The 5G revolution is just getting started, and growth opportunities in the space combined with explosive gains for companies with relatively high short interest has put Nokia stock in the spotlight. While next-gen networking catalysts and the volatile nature of today's market suggest Nokia might have the potential to deliver big returns, there are probably better buys.

To get of a survey of companies that look primed to benefit from 5G, we asked three Motley Fool contributors to spotlight one of their top stocks for cashing in on the trend. Read on to see why they think Skyworks Solutions (SWKS -1.23%), Verizon (VZ -0.85%), and Apple (AAPL -1.92%) stand out as likely winners. 

A 5G logo above the Earth.

Image source: Getty Images.

This chip specialist will benefit as 5G heats up

Keith Noonan (Skyworks Solutions): The evolution of 5G is still at its early stages and will bring about surging demand for connectivity chips in a wide range of device categories. Skyworks Solutions is a provider of radio-frequency (RF) communications chips for mobile devices and other hardware, and it looks poised to benefit from the progression of next-generation network technologies as it continues to provide components for Apple and other tech leaders.

In addition to big growth opportunities in mobile, Skyworks will have opportunities to deliver solutions for augmented reality devices, self-driving cars, and a wide range of Internet of Things technologies. Dramatically faster upload and download speeds enabled by 5G will pave the way for a rush of new applications, and the RF specialist should enjoy substantial sales and margin growth as equipment manufacturers move to take advantage of higher-frequency wavelengths that can enable faster data transmissions. 

The stock currently trades at roughly 19 times this year's expected earnings -- a level that looks very attractive considering that the company is likely at the onset of a multiyear performance boost spurred by the 5G-driven mobile upgrade cycle and emerging growth opportunities in other hardware categories. Skyworks also has a relatively strong balance sheet, which should provide the flexibility to pursue internal growth initiatives and acquisitions opportunities as they arise. It's also possible that investors could see big returns if Skyworks is acquired by a larger player in the semiconductor or broader technology space. 

With strong tailwinds at its back and multiple avenues to delivering big wins for investors, Skyworks stands out as a hot play in 5G. 

Value investors: Listen to Buffett and buy Verizon

Jamal Carnette (Verizon): Shares of Verizon jumped when it was revealed Warren Buffett's Berkshire Hathaway took a major stake in the telecom. Berkshire is not alone in seeing the value in 5G; the prior administration considered 5G technology so critical to future technology like autonomous vehicles, artificial intelligence, and defense that it briefly considered nationalizing a network.

Buffett is famously known for his adherence to value investing, and Verizon is a great pickup for the Oracle of Omaha. Even after the acquisition bump, shares yield greater than 4.5% and trade at 13 times trailing earnings versus a yield of 1.5% and earnings multiple of 40 times for the greater S&P 500.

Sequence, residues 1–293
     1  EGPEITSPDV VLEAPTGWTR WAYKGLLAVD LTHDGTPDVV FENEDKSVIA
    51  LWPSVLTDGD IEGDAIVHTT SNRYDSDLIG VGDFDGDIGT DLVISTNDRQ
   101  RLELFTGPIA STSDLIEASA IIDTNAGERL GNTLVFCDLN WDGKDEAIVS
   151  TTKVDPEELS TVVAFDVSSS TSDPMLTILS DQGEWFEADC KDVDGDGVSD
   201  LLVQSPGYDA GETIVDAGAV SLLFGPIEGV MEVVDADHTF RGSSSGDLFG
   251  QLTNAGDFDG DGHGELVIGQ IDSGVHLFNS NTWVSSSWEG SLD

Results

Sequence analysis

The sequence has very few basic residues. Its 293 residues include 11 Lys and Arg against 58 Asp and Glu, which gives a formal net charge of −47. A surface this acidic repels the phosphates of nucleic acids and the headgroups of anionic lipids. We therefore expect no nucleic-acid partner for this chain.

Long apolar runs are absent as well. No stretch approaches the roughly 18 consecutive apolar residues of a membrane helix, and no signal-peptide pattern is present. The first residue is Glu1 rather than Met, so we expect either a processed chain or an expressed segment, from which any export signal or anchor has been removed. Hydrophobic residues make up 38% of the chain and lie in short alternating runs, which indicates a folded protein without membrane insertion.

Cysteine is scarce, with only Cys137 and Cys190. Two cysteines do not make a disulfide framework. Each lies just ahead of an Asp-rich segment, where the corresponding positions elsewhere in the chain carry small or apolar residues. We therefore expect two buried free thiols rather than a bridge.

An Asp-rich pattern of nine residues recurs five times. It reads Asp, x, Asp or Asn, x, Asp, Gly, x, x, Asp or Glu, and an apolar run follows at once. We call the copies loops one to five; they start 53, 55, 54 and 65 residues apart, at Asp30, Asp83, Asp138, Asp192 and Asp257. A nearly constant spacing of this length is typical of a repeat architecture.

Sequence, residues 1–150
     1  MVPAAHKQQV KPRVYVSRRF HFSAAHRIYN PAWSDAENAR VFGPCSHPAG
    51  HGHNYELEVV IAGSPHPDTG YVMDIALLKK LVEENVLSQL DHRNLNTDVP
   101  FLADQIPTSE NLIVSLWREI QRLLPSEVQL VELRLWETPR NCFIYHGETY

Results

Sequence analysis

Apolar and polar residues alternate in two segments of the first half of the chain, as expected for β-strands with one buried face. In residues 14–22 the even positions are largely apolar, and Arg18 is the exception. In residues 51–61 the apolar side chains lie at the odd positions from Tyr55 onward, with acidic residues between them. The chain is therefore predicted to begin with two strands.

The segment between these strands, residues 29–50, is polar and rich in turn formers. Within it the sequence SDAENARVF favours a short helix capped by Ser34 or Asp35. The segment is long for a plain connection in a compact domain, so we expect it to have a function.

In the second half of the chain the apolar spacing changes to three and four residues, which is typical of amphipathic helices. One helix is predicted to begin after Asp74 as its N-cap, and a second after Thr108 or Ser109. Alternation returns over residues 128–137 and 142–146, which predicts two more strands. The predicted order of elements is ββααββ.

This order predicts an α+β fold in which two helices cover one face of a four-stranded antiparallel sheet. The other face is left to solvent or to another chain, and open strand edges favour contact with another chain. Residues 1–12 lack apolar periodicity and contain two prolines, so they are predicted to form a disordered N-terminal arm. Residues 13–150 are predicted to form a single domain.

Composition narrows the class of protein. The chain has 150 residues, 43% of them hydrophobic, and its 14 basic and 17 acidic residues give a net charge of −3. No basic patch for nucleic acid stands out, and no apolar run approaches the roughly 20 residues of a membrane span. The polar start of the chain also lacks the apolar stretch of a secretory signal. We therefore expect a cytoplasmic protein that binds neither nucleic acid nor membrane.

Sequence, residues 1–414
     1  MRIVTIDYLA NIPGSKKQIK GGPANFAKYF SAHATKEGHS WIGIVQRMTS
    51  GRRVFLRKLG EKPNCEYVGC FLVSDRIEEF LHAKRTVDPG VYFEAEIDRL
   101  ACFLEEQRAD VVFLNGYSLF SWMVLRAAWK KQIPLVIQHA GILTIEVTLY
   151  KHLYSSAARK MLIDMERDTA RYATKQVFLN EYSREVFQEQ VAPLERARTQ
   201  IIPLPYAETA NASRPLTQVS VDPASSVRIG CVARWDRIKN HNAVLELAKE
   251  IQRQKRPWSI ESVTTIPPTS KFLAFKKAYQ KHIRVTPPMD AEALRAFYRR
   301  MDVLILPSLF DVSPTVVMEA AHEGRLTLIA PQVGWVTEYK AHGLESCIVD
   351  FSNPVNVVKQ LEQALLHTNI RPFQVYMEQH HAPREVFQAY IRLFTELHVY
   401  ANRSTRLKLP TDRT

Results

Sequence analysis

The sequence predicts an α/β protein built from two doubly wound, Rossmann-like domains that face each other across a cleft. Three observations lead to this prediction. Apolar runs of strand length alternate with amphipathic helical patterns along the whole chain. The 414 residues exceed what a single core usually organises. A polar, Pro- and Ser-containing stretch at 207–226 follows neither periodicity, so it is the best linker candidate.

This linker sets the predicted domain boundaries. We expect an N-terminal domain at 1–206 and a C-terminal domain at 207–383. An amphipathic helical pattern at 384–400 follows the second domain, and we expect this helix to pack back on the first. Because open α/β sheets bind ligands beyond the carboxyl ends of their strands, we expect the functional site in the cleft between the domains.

Skeptics rightly point out that Verizon has a high debt pile, but unlike AT&T this was not the result of wasteful acquisitions. Verizon Wireless was initially a joint venture with British telecom Vodafone. The deal was inked decades ago, and by the time Verizon decided to buy out Vodafone's 45% equity stake in 2013, the price tag of $130 billion required the largest debt issuance ever. My Fool colleague Travis Hoium covers why debt service isn't a problem for this cash-minting telecom.

Likewise, Verizon can easily support the dividend. The company's free cash flow payout ratio was below 50% in 2020, and that's after paying $20 billion in capital expenditure to build out its massive 5G network. For long-term investors, Verizon presents an asymmetric risk/reward construct: a cheap, high-yielding stock that offers a long-term opportunity from the growth of 5G connectivity.

The industry giant

Joe Tenebruso (Apple): Few companies stand to benefit more from the rollout of 5G than Apple. Sales of the tech titan's most important product are poised to soar as people seek to harness the power of fifth-generation wireless networks and the blazingly fast internet speeds they can deliver.

Analysts say a 5G supercycle will fuel iPhone sales in the coming years, as hundreds of millions of people upgrade to Apple's latest models that feature the new technology. Strong iPhone sales should also boost Apple's high-margin service revenue, as more people buy apps and subscribe to the company's popular offerings, such as Apple News+ and Apple Music.

More profits for Apple mean more dividends and share repurchases for investors -- both of which should help to drive its stock price steadily higher over time. Apple's sterling fiscal 2021 first-quarter results give evidence that these trends are already underway. Its revenue climbed 21% year over year to $111.4 billion, driven by a 17% rise in iPhone sales and a 24% jump in services revenue. Apple's net income, in turn, surged 29% to $28.8 billion, while its earnings per share -- which were boosted by stock buybacks -- soared 35% to $1.68. 

Yet with Apple's iPhone supercycle still in its early stages, investors who buy shares today can position themselves to profit handsomely from the tech giant's exciting 5G growth opportunity.